From a personal perspective, I think this is a valuable lesson to remember as we interact with our fellow people. We are all part of this tribe called humanity and I believe, if we could just try to see the world through one another’s eyes, we could accomplish wonders.
I’ve previously blogged about the need of businesses to evaluate their strategies as a function of thermodynamics:
The short answer is that a business that does not engage in the continual evaluation of their operations becomes isolated from their competition. Their entropy increases.
I’ve also discussed this as a function of the evolution of a business in a competitive marketplace.
What got you there will not keep you there.
Today, I’d expand that line of thought by citing Anthony Giddens, a sociologist, and a particular thought on structures:
Structures do not determine outcomes, but define the potential range of outcomes. (Giddens)
In the context of the running discussion here about strategies and frameworks, I think it reasonable to posit that a framework and strategy do not determine an outcome but helps define the potential range of outcomes. Specifically, it helps you consider input, evaluate your options and execute your decision in accordance with defined parameters (such as goals and values).
In the same post, I wrote that language reflects our thoughts, our essence. Leadership is the thoughtful and methodical application of a continually studied framework that becomes a mindset.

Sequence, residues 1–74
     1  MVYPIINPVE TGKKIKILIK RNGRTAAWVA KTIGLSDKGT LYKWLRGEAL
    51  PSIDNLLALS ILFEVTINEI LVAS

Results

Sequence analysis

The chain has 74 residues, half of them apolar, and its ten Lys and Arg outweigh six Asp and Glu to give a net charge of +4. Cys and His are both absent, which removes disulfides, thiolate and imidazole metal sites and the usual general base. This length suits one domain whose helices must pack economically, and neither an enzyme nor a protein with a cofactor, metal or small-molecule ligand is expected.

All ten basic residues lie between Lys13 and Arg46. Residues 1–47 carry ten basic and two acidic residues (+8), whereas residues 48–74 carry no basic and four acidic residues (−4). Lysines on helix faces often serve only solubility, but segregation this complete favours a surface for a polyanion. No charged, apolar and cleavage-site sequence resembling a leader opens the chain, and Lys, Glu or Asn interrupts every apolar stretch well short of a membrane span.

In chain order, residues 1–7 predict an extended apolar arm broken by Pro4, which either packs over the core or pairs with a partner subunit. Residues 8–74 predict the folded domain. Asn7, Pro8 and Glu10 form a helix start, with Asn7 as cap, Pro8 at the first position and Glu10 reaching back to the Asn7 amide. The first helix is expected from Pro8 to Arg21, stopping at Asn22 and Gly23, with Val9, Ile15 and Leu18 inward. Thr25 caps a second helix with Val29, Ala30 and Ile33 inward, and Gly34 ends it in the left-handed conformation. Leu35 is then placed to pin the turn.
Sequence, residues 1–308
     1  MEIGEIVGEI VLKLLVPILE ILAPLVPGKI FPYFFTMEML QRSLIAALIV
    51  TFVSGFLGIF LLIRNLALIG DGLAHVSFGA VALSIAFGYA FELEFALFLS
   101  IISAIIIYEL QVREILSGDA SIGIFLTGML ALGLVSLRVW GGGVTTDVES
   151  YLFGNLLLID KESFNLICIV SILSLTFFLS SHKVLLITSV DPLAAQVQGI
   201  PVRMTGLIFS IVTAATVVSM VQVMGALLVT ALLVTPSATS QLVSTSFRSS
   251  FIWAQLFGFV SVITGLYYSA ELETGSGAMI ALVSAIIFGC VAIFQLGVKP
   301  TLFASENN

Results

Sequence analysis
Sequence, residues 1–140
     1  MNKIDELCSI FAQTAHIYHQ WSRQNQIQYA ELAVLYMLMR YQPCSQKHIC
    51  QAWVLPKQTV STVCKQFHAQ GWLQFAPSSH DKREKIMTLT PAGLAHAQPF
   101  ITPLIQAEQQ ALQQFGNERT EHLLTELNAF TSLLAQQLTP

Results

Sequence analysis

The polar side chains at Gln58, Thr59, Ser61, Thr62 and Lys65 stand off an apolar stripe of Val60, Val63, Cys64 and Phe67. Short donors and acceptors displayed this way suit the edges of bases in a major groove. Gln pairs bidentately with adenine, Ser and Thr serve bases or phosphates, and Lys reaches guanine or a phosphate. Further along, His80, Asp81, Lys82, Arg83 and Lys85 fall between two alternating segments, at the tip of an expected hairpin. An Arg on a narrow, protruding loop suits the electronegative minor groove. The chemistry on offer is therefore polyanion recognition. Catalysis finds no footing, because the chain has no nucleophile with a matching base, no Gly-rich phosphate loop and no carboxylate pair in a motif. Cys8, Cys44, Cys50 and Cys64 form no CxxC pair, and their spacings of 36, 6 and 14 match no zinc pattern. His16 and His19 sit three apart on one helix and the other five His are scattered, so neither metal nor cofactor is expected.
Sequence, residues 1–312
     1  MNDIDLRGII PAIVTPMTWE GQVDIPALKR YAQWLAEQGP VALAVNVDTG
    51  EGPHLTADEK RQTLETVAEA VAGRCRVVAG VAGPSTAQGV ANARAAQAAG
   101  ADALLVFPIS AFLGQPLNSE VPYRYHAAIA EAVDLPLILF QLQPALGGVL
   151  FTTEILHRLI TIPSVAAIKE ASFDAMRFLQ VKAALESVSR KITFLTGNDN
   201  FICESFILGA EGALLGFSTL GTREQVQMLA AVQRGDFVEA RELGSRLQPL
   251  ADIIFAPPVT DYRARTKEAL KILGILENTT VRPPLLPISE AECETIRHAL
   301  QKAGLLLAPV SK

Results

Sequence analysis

Building on the same thoughts on the importance of language and viewing language as a framework, I would share this thought:
The entirety of human knowledge is contained with the framework of ‘language’. Without an agreed upon framework, this knowledge would cease to be decipherable. It would cease to exist. – Me
Fundamentally, language is a construct we use to house and share knowledge and ideas. Language is important. It’s use is important in the spread of ideas, in the motivation of people and the implementation of ideas.
The question was asked in response to my having offered assistance to a complete stranger. When I relayed what I’d done to a friend, they offered that they would have wanted to do the same but would have hesitated in doing so for a fear of physical safety.
This is a question I think about every day and could be – should probably be – the subject of a much larger post than this is likely to be.
Have you seen the world through my eyes?
This question stopped me in my tracks when it was asked and still resonates with me today, in a profound way. It’s a question I have asked thousands of young leaders, when I taught a course on leadership, ethics and perspective at the United States Air Force Academy.
The short answer is, of course, “No.”
The longer answer is, “What a powerful question to ask. While I cannot do so, I can and surely ought to try.”
From a personal and business perspective, sincerely asking this question launched a journey of introspection of which this blog is the current manifestation.
From a business perspective alone, what an incredible cornerstone of a framework to consider our actions through.
Have we seen the world through the eyes of a consumer or a client?
Have we seen the world through the eyes of our partners or vendors
Have we seen the world through the eyes of our employees?
Phrased and applied another way:
Have we tried to see ourselves as others see us?
I don’t offer definitive answers here, just food for thought.